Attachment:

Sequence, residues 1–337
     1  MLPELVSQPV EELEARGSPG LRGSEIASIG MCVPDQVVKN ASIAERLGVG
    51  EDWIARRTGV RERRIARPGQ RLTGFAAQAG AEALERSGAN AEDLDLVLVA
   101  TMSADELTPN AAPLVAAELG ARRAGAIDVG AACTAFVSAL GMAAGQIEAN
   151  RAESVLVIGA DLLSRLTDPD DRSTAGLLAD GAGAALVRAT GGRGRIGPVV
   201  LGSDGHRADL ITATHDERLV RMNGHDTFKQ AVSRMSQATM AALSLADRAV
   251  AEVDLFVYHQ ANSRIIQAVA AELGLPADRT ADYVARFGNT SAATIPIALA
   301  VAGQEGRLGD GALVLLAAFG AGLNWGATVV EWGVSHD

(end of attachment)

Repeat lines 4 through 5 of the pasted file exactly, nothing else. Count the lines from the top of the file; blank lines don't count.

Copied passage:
   101  TMSADELTPN AAPLVAAELG ARRAGAIDVG AACTAFVSAL GMAAGQIEAN
   151  RAESVLVIGA DLLSRLTDPD DRSTAGLLAD GAGAALVRAT GGRGRIGPVV